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# MASSACHUSETTS INSTITUTE OF TECHNOLOGY

Physics Department

Exam #4

## FLATLAND, Edwin A. Abbot, 1884

Consider world, perhaps Abbot’s Flatland, where electromagnetic waves can only
propagate in two dimensions, call them x and y. The electric ﬁeld E must also be
in the plane, but the magnetic ﬁeld B is perpendicular to both the plane and the

wavevector k. The normal modes of the radiation ﬁeld in a square box of side L with
conducting walls are given by
 kx ,ky = |E |ˆ

## E 1 sin(kx x) sin(ky y) sin(ωt + φ)


kx and ky are determined by the need
where ˆ1 is a unit vector in the direction of E,
 to go to zero at the walls, and ω = c|k|.
for E

## a) What are the allowed values of k in the box?

b) Find D(ω), the density of normal modes at frequency ω.
c) Find an expression for u(ω, T ), the temperature dependent energy density (per
unit area, per unit frequency interval) of thermal radiation in this world. Do
not include contributions from the zero point energy in the ﬁeld.
d) How is the Stefan-Boltzmann law changed in this world?

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Problem 2 (35 points) Two-Dimensional Metal

?��IJ=�JA�AHCO
ε ?��J�KH

�O

�O
�N
�N

We have studied electrons moving in a box in which the potential energy was zero.
Alternatively one could consider electrons moving in a box containing a periodic
potential – a simple model for the conduction electrons in a metal with a crystalline
lattice. Under these conditions the single particle states can still be indexed by a
wavevector k; however, the energy of each state (k) need not be quadratic in k nor
even isotropic in space.

The ﬁgure at the left above shows an approximation to the dispersion relation, (k),
in a particular two-dimensional metal∗ . The energy has the form of an inverted square
pyramid. It has four fold rotational symmetry. Along the kx direction the energy is
given by (kx ) = γkx . The ﬁgure on the right shows a contour of constant energy on
the kx , ky plane.

## a) If one imposes periodic boundary conditions on the electron wavefunctions in a

square sample of side L, what are the allowed values of the wavevector k?
b) Find D(k), the density of allowed wavevectors as a function of k.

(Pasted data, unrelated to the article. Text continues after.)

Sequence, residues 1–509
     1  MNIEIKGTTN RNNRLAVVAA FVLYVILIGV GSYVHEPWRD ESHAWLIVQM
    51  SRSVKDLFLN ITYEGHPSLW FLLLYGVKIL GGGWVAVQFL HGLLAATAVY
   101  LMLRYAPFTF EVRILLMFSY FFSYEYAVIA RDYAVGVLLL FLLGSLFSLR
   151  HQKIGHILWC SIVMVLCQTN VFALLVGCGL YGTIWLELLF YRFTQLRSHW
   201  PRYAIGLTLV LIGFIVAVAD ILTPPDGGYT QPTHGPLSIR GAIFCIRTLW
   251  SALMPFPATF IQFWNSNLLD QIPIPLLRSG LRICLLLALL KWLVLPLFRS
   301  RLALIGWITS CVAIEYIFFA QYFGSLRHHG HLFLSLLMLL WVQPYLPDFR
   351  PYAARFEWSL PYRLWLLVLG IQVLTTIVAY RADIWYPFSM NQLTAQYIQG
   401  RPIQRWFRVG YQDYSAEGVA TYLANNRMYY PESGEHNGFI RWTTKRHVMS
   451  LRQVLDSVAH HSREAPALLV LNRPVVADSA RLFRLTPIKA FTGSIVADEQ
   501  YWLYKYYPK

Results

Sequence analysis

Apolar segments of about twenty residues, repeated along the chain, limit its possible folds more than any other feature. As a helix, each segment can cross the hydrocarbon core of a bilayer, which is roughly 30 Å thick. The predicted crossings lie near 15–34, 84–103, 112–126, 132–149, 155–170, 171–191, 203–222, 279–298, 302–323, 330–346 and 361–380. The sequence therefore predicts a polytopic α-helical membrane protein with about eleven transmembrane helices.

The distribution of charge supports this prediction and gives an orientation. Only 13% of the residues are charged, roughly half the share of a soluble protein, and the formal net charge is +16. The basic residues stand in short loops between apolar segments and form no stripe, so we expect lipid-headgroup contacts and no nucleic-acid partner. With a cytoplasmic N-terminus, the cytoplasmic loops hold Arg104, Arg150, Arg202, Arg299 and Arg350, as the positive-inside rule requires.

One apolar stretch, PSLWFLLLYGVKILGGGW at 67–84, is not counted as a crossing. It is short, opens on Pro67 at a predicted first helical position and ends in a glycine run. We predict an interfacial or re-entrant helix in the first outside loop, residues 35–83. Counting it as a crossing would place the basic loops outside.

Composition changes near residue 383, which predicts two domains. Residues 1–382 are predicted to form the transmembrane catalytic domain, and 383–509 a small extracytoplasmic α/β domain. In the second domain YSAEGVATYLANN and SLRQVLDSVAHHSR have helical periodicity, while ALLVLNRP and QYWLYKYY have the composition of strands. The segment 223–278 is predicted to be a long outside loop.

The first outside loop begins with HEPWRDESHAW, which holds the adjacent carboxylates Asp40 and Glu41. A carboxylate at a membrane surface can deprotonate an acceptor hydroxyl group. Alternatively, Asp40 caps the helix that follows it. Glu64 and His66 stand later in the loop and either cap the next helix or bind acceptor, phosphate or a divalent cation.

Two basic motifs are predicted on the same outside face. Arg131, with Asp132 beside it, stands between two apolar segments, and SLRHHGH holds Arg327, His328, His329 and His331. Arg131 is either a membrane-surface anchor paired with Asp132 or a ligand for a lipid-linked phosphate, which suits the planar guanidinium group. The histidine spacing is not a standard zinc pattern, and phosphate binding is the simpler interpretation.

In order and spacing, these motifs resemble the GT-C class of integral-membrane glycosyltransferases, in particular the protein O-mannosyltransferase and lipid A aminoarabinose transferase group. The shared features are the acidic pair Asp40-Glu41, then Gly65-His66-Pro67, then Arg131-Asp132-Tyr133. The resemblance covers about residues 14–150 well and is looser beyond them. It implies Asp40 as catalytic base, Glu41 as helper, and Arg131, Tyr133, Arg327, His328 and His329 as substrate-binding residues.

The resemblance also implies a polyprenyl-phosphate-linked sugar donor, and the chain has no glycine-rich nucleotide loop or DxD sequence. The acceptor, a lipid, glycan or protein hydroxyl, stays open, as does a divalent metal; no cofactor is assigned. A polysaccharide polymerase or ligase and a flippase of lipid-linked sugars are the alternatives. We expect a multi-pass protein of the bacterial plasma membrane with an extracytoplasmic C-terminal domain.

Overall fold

c) Find D(), the density of single particle states for the electrons as a function of
their energy . Make a carefully labeled sketch of your result.
d) The metal contains N conduction electrons. Find the Fermi energy F , the
energy of the last single particle state occupied at T = 0.
e) Find the total energy of the electrons at T = 0 in terms of N and F .
f) Without doing any calculations, indicate how the electronic heat capacity de-
pends on the temperature for temperatures T << F /kB .
g) What is the surface tension S/ (the negative of the spreading pressure) of the
electron gas at T = 0?

Two dimensional planes of conduction electrons are not a ﬁction. They play an important role
in semiconductor electronics and in high temperature superconductivity.

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Problem 3 (30 points) Paramagnetic Ions

ε�µ00 µ��−µ0
ε� µ��
ε�−µ00 µ��µ0

Certain impurity ions in a crystalline lattice interact with the neighboring atoms to
create 4 states, 2 of which remain degenerate when a magnetic ﬁeld H is applied
along the z direction. The three resulting energy levels are shown above, along with
their degeneracies, energies and magnetic moments.

a) Find the partition function for a single ion, Z1 (T, H). You may wish to simplify
the resulting expression using hyperbolic functions; see the information sheet
for the properties of the hyperbolic functions.

b) Find the total energy E(T, H) ≡ N <  > of N non-interacting ions in thermal
equilibrium at temperature T .

c) Find the total magnetic moment (in the z direction) due to the N ions, M (T, H).

You can check your answers to b) and c) by determining if they have the expected
asymptotic behavior at low and high temperature.

## Work in simple systems

Hydrostatic system −P dV

## Linear system FdL

Dielectric material
EdP
Magnetic material HdM

## Thermodynamic Potentials when work done on the system is dW = Xdx

Energy E dE = T dS + Xdx
Helmholtz free energy F = E − TS dF = −SdT + Xdx
Gibbs free energy G = E − T S − Xx dG = −SdT − xdX
Enthalpy H = E − Xx dH = T dS − xdX

## sinh(u) = (eu − e−u )/2 cosh(u) = (eu + e−u )/2

tanh(u) = sinh(u)/ cosh(u) coth(u) = 1/ tanh(u)
d du d du
(sinh u) = (cosh u) (cosh u) = (sinh u)
dx dx dx dx

Limiting behavior of as u → 0 as u → ∞
sinh(u) u eu /2
cosh(u) 1 + u2 /2 eu /2
tanh(u) u 1
coth(u) 1/u + 13 u 1

## Statistical Mechanics of a Quantum Harmonic Oscillator

(n) = (n + 12 )h̄ω n = 0, 1, 2, . . .
−(n+ 12 )h̄ω/kT
p(n) = e /Z(T )
− 12 ¯
Z(T ) = e hω/kT
(1 − e−¯hω/kT )−1
< (n) >= 12 hω
¯ + hω(e
¯ h̄ω/kT
− 1)−1

Kirchoﬀ’s law: e(ω, T )/α(ω, T ) = 14 c u(ω, T ) for all materials where e(ω, T ) is the
emissive power and α(ω, T ) the absorptivity of the material and u(ω, T ) is the uni-
versal blackbody energy density function.

Stefan-Boltzmann law: e(T ) = σT 4 for a blackbody where e(T ) is the emissive power
integrated over all frequencies. (σ = 56.9 × 10−9 watt-m−2 K−4 )

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MIT OpenCourseWare
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Spring 2013